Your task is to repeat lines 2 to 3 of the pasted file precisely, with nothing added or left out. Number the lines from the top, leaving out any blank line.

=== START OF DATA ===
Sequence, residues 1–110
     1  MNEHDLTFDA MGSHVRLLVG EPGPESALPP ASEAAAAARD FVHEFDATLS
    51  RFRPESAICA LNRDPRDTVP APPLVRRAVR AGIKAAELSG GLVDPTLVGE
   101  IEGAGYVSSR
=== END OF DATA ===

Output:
     1  MNEHDLTFDA MGSHVRLLVG EPGPESALPP ASEAAAAARD FVHEFDATLS
    51  RFRPESAICA LNRDPRDTVP APPLVRRAVR AGIKAAELSG GLVDPTLVGE